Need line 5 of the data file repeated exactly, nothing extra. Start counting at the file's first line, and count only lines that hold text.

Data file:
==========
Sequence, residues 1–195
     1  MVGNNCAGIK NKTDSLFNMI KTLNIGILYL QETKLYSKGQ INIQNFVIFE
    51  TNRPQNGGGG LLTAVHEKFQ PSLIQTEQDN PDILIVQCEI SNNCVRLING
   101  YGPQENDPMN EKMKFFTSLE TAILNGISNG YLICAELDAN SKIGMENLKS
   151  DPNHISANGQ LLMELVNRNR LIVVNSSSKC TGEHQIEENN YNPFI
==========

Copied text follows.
   151  DPNHISANGQ LLMELVNRNR LIVVNSSSKC TGEHQIEENN YNPFI